IICJ Paper The Role of Internal Audit in Corporate Governance. Case: Fiat Group Mauro Di Gennaro, Chief Audit Executive & Compliance Officer, Fiat, Italy

Recently there has been considerable interest in the Corporate Governance practices of modern corporations. New approaches to doing business have increased the risks connected with the achievement of company's goals. The introduction of new technical devises, for instance, the use of the Internet for carrying out transactions massively took off starting from the 1990s onwards. Subsequently, this increased the risks of intrusive attacks, made the issue of business continuity a more critical one and placed a stronger emphasis on the need for disaster recovery plans. Also, the worldwide spread of business into 'new markets', such as the Asian market, has provided new risks as well as refocusing attention on a system of control, for example the Asian financial crisis in the latter half of the 1990s. Moreover, the high-profile collapses of a number of large U.S. firms such as the Enron Corporation and Worldcom in the early 2000s, as well as lesser corporate debacles, such as Adelphia Communications, AOL, Arthur Andersen, Global Crossing, Tyco, and, more recently, Fannie Mae and Freddie Mac, Parmalat, etc. led to increased shareholder and Governmental interest in Corporate Governance which culminated in the approval of the Sarbanes-Oxley Act of 2002 and in the SOX (Sarbanes-Oxley Compliance Projects). Last but not least, the ever stronger institutionalisation of the markets in which buyers and sellers are largely institutions (e.g., pension funds, insurance companies, mutual funds, hedge funds, investor groups, and banks) also reveals an increasing need for professional diligence to protect the community at large in terms of safety and welfare.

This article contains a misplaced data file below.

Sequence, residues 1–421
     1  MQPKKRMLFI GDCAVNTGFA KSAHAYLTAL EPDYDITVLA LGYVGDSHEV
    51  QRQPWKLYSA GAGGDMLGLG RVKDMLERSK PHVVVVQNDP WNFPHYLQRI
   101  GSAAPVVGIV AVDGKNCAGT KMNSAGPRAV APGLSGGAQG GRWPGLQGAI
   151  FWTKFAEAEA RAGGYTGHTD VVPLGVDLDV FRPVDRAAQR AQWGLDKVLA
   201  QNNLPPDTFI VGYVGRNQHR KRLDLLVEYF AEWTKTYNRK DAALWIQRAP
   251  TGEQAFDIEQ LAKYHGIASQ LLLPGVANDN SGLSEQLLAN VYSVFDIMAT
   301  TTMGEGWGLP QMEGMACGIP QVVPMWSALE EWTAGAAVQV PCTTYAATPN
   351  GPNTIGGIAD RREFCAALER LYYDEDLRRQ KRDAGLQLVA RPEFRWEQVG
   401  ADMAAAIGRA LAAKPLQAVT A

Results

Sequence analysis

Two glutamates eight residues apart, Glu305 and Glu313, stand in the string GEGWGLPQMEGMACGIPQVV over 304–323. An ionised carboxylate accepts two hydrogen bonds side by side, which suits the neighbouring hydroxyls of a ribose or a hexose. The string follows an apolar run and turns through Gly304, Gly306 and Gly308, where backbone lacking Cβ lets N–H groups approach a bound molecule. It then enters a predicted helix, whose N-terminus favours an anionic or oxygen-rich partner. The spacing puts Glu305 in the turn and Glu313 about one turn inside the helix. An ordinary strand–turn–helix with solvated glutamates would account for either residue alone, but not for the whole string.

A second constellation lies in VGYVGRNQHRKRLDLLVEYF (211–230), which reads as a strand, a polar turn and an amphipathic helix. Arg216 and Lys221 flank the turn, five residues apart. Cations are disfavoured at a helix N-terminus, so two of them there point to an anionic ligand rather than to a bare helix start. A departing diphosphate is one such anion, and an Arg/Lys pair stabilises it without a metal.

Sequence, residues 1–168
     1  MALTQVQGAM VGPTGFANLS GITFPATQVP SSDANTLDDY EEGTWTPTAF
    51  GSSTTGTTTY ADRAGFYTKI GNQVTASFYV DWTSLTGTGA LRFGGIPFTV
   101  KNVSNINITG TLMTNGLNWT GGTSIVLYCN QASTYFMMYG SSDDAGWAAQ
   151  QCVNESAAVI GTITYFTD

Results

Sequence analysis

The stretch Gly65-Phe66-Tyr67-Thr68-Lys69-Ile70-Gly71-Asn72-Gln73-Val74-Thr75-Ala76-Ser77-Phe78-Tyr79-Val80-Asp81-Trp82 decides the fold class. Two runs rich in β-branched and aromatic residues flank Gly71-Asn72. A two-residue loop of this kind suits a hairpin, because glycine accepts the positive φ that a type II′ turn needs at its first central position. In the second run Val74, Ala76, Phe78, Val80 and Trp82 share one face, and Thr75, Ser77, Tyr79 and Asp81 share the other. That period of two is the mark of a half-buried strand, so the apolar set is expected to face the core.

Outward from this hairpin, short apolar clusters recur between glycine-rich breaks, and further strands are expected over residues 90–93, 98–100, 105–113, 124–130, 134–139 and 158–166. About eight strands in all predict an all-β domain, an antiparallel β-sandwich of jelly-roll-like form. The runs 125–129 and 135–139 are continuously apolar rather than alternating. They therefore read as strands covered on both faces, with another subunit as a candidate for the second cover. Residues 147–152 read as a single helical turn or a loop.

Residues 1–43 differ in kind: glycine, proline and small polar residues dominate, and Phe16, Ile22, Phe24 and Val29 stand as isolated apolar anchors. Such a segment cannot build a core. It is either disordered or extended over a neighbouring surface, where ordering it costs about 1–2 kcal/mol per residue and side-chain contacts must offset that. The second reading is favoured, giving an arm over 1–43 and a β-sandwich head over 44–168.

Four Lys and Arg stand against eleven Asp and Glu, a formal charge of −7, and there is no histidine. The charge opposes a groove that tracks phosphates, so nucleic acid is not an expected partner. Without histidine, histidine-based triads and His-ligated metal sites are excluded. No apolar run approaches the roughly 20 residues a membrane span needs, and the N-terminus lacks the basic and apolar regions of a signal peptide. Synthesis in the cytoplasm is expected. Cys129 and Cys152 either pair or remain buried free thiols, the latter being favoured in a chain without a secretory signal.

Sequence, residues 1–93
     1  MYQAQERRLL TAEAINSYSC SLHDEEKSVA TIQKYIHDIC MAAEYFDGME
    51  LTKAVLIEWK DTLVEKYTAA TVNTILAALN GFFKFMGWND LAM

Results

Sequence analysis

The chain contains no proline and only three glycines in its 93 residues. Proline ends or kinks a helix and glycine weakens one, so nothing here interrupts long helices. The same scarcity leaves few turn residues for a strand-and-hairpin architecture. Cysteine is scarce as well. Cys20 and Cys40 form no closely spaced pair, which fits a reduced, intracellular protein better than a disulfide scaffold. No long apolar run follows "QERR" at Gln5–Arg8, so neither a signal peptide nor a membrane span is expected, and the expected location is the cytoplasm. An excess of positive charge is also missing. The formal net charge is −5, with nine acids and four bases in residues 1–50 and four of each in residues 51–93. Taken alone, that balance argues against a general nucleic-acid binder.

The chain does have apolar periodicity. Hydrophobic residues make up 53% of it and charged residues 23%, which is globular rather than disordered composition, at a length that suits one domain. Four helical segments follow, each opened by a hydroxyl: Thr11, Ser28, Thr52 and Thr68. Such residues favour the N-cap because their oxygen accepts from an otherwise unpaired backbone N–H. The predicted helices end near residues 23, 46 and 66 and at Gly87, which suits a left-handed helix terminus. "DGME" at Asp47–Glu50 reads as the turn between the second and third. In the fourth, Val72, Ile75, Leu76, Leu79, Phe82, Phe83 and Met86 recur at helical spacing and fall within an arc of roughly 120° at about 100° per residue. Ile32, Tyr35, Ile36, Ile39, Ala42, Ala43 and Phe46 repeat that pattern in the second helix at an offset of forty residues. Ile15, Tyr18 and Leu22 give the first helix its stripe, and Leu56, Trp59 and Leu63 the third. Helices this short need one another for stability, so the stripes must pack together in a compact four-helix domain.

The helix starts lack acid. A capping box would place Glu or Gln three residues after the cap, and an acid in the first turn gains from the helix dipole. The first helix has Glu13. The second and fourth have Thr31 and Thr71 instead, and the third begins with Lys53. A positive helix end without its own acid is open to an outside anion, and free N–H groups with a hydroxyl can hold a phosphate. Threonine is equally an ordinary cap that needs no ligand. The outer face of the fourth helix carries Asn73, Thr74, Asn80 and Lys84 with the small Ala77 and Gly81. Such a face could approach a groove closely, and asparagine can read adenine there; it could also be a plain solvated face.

Author
Mauro Di Gennaro
Mr. Di Gennaro joined Price Waterhouse in 1987 as Assistant Auditor and was subsequently promoted to Senior Manager. In 1994, he became Head of Internal Audit at Stet S.p.A. In 1997, he joined Telecom Italia, where he held several positions, including Head of International Operations and Head of International Internal Auditing. In 2002, he was appointed Head of Internal Audit at the RAS Group. On January 1st, 2004 he joined Fiat S.p.A. as Chief Audit Executive and Compliance Officer. He is Vice President of IIA – Italy Chapter and President of European Confederation of Institutes of Internal Auditing. (ECIIA).
Company
Fiat
Fiat Group is known as one of the automobile industry’s founders but, in a century of history, Fiat has also meant more than this. In fact, it has focused its attention on the production of all forms of people and goods mobility: from automobiles to trucks, from agricultural to commercial vehicles, from naval engines to aeronautical and space shuttles. Moreover, the complexity of this Group also arises from the worldwide spread of its offices and Plants located in all continents and entering or gaining “new” and exciting markets like that of the Far East. Such a kind of Group needs a huge number of auditors and a very strong Internal Audit Function. In 1976 Fiat Revi S.c.r.l. was established by Fiat SpA and the leading group companies which selected the Consortium as the appropriate legal status. Fiat Revi’s head office is in Turin, since 1997, it has established branches in certain strategic countries (France, Germany, Poland, Brazil - for Latin American Area - and China for the “Far East”). These entities operate with local personnel who are managed and trained by audit managers under the supervision of the Turin Headquarters. ' Ê +39 011.0062176 * mauro.digennaro@fiatgroup.com
Country
Italy More
Area of Law
Corporate Governance More
Business Sector
Industry More
Month Published
November 2007 More
Edition
Vol. 1, No. 2, Winter 2007 More
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